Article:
Chicago, R.I. Pac. Ry. Co. v. Houston , 209 Ark. 217 ( 1945 )


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  • Appellee brought this action for recovery of damages on account of personal injuries sustained by operation of a switch engine in the yards of appellant railway company at Booneville, Arkansas, in the early hours of March 19, 1944. Appellant railway company, its trustees, and K. R. Briggs, engineer, were made party defendants. The complaint alleged that appellee's injury resulted from the negligence of appellants in failing to maintain a proper lookout and failure to exercise ordinary care to avoid injury to appellee after his perilous position on the right-of-way was discovered, or should have been discovered by the exercise of such care.

    The answer of appellants contained a general denial and alleged that appellee's injuries, if any, were the result of his own negligence. Trial resulted in a verdict and judgment in favor of appellee for $13,750. Appellants urge two grounds for reversal of the judgment: (1) A verdict should have been instructed for appellants. (2) The verdict is excessive. Under our well settled rule, the first contention must be overruled, if there was any substantial evidence viewed in the light most favorable to appellee to support the verdict.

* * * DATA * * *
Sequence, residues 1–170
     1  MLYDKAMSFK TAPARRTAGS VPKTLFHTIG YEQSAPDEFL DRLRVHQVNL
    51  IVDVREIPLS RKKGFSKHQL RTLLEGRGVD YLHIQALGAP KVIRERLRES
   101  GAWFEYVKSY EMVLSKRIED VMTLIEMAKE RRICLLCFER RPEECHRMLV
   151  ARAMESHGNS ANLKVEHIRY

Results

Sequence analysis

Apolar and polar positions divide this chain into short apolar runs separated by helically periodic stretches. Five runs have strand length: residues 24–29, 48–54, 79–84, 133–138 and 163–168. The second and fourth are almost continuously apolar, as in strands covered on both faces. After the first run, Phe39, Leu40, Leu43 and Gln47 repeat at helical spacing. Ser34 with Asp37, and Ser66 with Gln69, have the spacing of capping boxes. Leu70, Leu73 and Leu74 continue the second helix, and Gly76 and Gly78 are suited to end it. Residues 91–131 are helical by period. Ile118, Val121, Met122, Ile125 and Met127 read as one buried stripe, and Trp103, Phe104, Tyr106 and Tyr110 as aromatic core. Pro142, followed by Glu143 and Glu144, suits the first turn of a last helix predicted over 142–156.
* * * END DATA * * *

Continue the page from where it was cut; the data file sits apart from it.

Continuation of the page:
Appellee was the only witness in his behalf. According to his testimony he was walking home about 1:30 a.m. *Page 219 along the railway tracks, which were frequently used by people living in this section of town. It had been raining and the streets were muddy. The railway tracks run east and west at a point where Owen Street crosses the tracks, the street running north and south. Appellee was traveling west and as he reached the Owen Street crossing he observed the switch engine with a car attached to the front traveling east, and saw Ray Bentley near the switch which was situated a few feet north of the tracks on the west side of Owen Street. He talked to the switchman and started west up the tracks. When he had gone a short distance he felt a vibration and upon turning around found the engine almost upon him. The light on the rear of the locomotive blinded him. He jumped and his foot was caught in a frog. He grabbed at the train and was unable to free his foot from the frog before the engine passed over his right leg, after first striking his left hip. The engine and car attached to the east end was backing west about five or six miles per hour at the time he was run over, and no alarm signals were given by the train. He was taken to St. Edward's Hospital where his leg was amputated about four inches below the knee and he remained in the hospital thirteen or fourteen days.

    Appellee further testified that during the course of the evening before he started home he had drunk four or five bottles of beer, but was not intoxicated. He had been fined for drunkenness seven or eight times within a twenty months period immediately prior to his injury. He denied making any attempt to board the train.